The makers of a Russian vaccine said it showed an efficacy rate of 95 percent in preliminary results from a clinical trial. The figure was based on incomplete data, however.
As scientists dealing with Covid-19 worry about the rise of the antivaccine movement, South Korea’s response to fighting misinformation around the flu vaccine may offer the world a model.
Outcry as French police clear migrant camp
The police violently cleared out a temporary migrant camp in central Paris, forcing people out of tents, chasing them in the streets and firing tear gas. While the police regularly clear such camps, the violent evacuation of mostly Afghan migrants on Monday struck a nerve, fueling growing outrage over the government’s security policies.
The temporary camp, which comprised about 450 blue tents on the Place de la République, was in protest of the authorities’ failure to provide housing for as many as 1,000 migrants who were left to roam the streets after 3,000 people were cleared last week from a camp in Saint-Denis, a suburb north of Paris.
Official remarks: Anne Hidalgo, the mayor of Paris, expressed shock in a letter to the French interior minister, accusing the police of a “brutal and disproportionate use of force.” It came as Parliament voted on a bill on Tuesday that would make it harder for reporters or bystanders to film instances of police brutality.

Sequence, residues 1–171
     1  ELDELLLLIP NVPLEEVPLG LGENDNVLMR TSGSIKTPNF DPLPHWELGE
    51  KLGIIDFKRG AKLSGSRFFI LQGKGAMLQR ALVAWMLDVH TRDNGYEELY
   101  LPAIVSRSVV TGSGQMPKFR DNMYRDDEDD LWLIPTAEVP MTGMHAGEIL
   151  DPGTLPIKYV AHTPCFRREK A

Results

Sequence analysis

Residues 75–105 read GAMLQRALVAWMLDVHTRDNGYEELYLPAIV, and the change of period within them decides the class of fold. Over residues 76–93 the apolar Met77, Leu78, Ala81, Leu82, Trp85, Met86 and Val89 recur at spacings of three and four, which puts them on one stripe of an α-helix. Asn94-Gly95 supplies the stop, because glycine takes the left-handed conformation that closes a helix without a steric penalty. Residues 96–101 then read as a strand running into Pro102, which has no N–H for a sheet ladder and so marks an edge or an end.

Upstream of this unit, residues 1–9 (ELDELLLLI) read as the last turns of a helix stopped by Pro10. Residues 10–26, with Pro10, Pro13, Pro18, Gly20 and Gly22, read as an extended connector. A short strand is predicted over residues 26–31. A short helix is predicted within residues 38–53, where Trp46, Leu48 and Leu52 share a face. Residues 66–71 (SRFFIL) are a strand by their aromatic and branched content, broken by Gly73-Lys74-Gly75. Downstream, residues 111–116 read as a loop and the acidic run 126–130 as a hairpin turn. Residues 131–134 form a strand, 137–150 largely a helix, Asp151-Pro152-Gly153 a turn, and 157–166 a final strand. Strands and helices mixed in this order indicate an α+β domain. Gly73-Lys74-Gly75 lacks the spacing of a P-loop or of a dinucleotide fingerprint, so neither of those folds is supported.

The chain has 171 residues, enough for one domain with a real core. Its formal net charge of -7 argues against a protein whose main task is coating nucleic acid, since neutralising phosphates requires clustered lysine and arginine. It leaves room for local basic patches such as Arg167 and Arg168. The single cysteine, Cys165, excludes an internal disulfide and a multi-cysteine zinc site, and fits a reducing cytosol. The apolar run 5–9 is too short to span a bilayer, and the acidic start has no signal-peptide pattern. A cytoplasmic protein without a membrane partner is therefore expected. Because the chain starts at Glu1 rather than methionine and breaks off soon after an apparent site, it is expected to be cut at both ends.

If you have 9 minutes, this is worth it
South Korean adoptees find a way back
The coronavirus pandemic has complicated a rite of passage for Korean adoptees who were brought up overseas: reuniting with their birth parents. Many adoptees canceled long-planned pilgrimages back to South Korea after the government’s quarantine rules for foreign visitors made the trips too costly and time-consuming.
Some, like Mallory Guy, second from left in the photo above, still found a way to make the trip. The Times spoke to adoptees and birth parents about pandemic-era homecomings.
Here’s what else is happening
Shamima Begum: Lawyers representing the former London schoolgirl who went to Syria in 2015 to join the Islamic State called on Britain’s Supreme Court to let her return to her home country to mount her defense. The court should not assume she poses a serious threat, they said on Tuesday.
Curbing “period poverty”: In a world first, the Scottish Parliament voted unanimously to make sanitary products available to anyone who needs them, introducing a legal right of free access to tampons and sanitary pads in schools, colleges, universities and all other public buildings.
Wall Street: Stocks rallied to record highs. The S&P 500 rose 1.6 percent, passing a high reached earlier in the month. The Dow Jones industrial average topped the 30,000 mark for the first time.
Uighurs in China: Pope Francis calls the ethnic group a “persecuted” people in his upcoming book. Chinese officials swiftly denied it, despite a wealth of evidence of Beijing’s crackdown on the Muslim minority group.